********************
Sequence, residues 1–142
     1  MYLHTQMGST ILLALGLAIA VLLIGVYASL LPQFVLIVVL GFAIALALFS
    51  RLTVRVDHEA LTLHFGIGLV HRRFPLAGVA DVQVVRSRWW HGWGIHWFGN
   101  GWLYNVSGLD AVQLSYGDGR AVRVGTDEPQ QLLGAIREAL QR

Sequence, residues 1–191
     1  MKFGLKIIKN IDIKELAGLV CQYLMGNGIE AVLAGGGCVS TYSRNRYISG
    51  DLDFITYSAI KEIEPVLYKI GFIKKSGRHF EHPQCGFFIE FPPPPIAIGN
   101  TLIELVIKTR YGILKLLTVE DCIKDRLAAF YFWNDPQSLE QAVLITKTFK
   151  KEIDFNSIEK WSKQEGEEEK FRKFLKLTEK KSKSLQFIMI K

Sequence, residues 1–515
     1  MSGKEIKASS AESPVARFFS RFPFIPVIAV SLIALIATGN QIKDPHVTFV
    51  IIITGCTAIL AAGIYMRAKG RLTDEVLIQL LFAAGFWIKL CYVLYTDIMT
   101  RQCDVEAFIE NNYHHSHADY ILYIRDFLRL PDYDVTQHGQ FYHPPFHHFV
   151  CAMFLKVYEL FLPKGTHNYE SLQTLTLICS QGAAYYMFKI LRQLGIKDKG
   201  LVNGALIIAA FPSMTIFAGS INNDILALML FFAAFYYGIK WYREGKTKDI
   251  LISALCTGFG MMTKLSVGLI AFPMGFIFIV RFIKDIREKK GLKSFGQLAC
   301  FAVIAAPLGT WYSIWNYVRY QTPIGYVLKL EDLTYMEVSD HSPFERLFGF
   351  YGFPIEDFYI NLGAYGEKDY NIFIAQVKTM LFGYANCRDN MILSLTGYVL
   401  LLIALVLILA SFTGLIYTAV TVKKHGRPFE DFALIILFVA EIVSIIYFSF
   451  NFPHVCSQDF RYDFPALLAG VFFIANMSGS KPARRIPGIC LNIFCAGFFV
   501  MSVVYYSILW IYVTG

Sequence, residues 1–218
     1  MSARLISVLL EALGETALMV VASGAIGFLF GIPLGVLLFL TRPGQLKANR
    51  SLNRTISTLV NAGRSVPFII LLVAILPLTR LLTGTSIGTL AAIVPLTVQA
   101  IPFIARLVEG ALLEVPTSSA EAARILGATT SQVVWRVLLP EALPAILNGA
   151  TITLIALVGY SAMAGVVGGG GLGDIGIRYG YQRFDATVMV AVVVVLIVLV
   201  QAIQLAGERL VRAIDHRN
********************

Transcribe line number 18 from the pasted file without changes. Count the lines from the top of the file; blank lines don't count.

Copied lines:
   351  YGFPIEDFYI NLGAYGEKDY NIFIAQVKTM LFGYANCRDN MILSLTGYVL